Obama Hopes to Further Shrink Guantánamo Population before Trump Expands It

If Obama can't close it, his successor likely won't. Donald Trump has not only pledged to keep Guantanamo open, in April he said that "we're gonna load it up with some bad dudes, believe me. We're gonna load it up." He also said he'd try U.S. citizens accused of terrorism at the base, though that would require Congress to change federal law. Obama "knows what's at stake and he knows he can't leave the door to Guantanamo open for Donald Trump," said Amnesty Intl's Naureen Shah.   read more

Int’l Criminal Court Considers War Crimes Probe of U.S. Military and CIA Torture in Afghanistan

U.S. military and CIA may have committed war crimes by torturing detainees in Afghanistan, the Court's chief prosecutor said, suggesting that American citizens could be indicted. "Members of US armed forces appear to have subjected at least 61 detained persons to torture, cruel treatment, outrages upon personal dignity..." said the report. And that CIA operatives may have subjected 27 detainees in Afghanistan, Poland, Romania and Lithuania to the same, as well as rape.   read more

Pentagon’s Focus on Artificial Intelligence in Weaponry Portends Robot Arms Race

Almost unnoticed outside defense circles, the Pentagon has put artificial intelligence at the center of its strategy to maintain the U.S.’ position as the world’s dominant military power. It is spending billions of dollars to develop autonomous and semiautonomous weapons and to build an arsenal stocked with the kind of weaponry that until now has existed only in Hollywood movies and science fiction, raising alarm among scientists and activists concerned by the implications of a robot arms race.   read more

Federal Judge Denies Former Guantánamo Detainee’s Request for U.S. Statement of His Innocence

Khan said the Afghan government seized his lands after he was captured, and a ruling that he was innocent might help him get the deeds back. He also said that because of his past, he could not obtain a passport, which he needed to travel to a medical clinic in India for treatment for hearing loss he suffered as a result of “loud blaring music” used “during interrogations, mostly at CIA facilities before” Guantánamo. “This injury is not redressable by a federal court," wrote the judge.   read more

Becoming World’s Biggest Tobacco Company is Goal of British Firm’s $47-Billion Plan to Enter U.S. E-Cigarette Market

British American Tobacco has offered to buy out Reynolds American for $47 billion in an attempt to gain a strong presence in the U.S., a lucrative market where sales of e-cigarettes are booming. The takeover would create the world's largest publicly traded tobacco company and combine BAT's presence in developing countries with Reynolds' almost exclusive focus on the U.S. "If vapor accelerates as we expect, then the U.S. is the place to be," said equity analyst Owen Bennett.   read more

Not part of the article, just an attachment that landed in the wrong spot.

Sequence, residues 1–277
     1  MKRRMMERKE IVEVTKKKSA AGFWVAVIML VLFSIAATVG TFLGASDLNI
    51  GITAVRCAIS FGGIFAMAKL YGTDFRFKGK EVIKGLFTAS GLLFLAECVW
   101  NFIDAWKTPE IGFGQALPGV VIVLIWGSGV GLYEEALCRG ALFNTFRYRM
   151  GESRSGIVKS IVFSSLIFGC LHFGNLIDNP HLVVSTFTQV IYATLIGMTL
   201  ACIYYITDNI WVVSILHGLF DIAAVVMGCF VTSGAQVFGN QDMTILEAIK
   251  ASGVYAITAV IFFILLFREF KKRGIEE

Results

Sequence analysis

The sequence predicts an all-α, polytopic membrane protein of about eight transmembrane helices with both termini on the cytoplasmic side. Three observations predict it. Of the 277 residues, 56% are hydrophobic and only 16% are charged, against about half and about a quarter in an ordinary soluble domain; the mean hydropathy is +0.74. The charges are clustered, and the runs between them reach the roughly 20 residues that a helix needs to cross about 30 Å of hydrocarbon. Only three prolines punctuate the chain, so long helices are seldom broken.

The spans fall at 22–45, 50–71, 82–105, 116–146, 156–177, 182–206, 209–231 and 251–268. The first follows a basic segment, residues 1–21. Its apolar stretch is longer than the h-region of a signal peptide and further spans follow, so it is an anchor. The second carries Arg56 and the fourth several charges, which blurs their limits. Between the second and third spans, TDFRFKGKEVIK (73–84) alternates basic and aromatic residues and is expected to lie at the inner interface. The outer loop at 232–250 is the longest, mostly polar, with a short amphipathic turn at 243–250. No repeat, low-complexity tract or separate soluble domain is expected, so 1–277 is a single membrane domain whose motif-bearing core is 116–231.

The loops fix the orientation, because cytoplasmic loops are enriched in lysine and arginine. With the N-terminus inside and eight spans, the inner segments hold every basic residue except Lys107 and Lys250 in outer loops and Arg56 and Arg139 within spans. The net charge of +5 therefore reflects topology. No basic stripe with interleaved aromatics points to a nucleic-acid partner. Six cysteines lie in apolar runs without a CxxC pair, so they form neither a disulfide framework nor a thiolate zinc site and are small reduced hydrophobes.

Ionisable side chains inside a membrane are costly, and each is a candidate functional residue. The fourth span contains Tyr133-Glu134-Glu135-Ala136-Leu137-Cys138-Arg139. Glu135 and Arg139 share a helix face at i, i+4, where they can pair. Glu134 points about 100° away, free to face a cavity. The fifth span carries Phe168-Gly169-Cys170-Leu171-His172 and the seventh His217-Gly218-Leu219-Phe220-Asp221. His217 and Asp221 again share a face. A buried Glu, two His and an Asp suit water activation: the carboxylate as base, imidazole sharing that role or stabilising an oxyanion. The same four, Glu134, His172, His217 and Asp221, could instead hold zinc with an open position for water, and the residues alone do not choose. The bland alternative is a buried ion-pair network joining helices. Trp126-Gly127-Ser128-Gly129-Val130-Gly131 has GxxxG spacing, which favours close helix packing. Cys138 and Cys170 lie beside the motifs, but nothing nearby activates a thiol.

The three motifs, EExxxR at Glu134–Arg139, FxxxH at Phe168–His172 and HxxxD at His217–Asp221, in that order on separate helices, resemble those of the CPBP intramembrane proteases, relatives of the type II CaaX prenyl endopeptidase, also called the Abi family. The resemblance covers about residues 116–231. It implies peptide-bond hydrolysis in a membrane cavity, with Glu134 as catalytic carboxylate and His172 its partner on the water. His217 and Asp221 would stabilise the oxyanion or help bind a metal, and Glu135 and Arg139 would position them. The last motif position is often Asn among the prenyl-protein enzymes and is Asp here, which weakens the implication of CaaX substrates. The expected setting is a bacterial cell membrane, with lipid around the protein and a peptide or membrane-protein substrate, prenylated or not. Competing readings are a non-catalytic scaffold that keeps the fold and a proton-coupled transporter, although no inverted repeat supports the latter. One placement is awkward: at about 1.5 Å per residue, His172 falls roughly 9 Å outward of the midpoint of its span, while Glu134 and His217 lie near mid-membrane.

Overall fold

1 to 16 of about 1828 News
1 2 3 ... 115 Next

U.S. and the World

1 to 16 of about 1828 News
1 2 3 ... 115 Next

Trump’s Controversial Praise of Putin during Campaign May Have Been “Dog Whistle” to White Supremacists

Trump mystified many with his praise for Putin. But what seemed inexplicable when Trump first expressed his admiration for the Russian leader seems, in retrospect, to have been a shrewd dog whistle to a small but highly motivated part of his base. AltRight's Spencer claimed that “an understanding” between Trump and Putin might bring together Slavic and American Caucasians and eventually “foretell a unified white world.”   read more

Claim of Trump Interest in Taiwan Business Investment Followed Controversial Phone Call with Taiwanese Leader

The multi-billion-dollar project, the biggest in Taiwan's history, is seeking investors. And a representative of Donald Trump took a meeting. “She had authorization documents issued by the Trump company,” confirmed the Taoyuan mayor on Nov. 18. The meeting went largely unnoticed outside Taiwan until Friday, when president-elect Trump received a congratulatory phone call from the Taiwan’s president. Now, the perception of a possible business conflict in Taiwan further complicates the situation.   read more

Rollout of Fake News Traced to Money-Hungry Teens in Macedonia Town

“The fake news is the good news,” the 18-year-old said. “A fake news article is way more opened than any other.” He ripped much of his material off a right-wing news site that produces a steady drumbeat of pro-Donald Trump pieces. With 685,000+ page views a week, his monthly revenue is in the four figures, a considerable sum in a country where the average monthly pay is $383. He sees it all as a money-making scheme and preparation for his career after high school--in marketing and politics.   read more

Canadian Journalist’s Detention at U.S. Border Raises Press Freedom Alarms

He endured aggressive interrogations at border crossings in some of the world’s most authoritarian nations. But a recent confrontation at the U.S. border left him shaken. U.S. agents confiscated his phones and retained their SIM cards that held his confidential data. Privacy advocates said it illustrated a loophole that’s especially problematic for journalists: Without a warrant, U.S. border agents can legally search digital devices that they wouldn’t be able to touch anywhere else.   read more

9/11 Families Claim GOP Senators’ Proposal Will “Gut” New Law Allowing Them to Sue Saudi Arabia

Terry Strada, national chair of 9/11 Families and Survivors United For Justice Against Terrorism, said Graham and McCain are seeking to "torpedo" the law by making changes demanded by Saudi Arabia's lobbyists. "We have reviewed the language, and it is an absolute betrayal," Strada said. "The president-elect has made his support for JASTA crystal clear, and there is zero risk that he will support this kind of backroom backstabbing of the 9/11 families."   read more

Germany Emerges as Test Case for Facebook Regulation of Online Hate Speech

In Germany, more than almost anywhere else in the West, lawmakers are demanding that Facebook go further to police what is said on the social network. The country’s lawmakers also want other U.S. tech giants to meet similar standards. “Facebook has a certain responsibility to uphold the laws,” said Heiko Maas, the German justice minister. In October, Maas suggested the company could be held criminally liable for users’ illegal hate speech postings if it does not swiftly remove them.   read more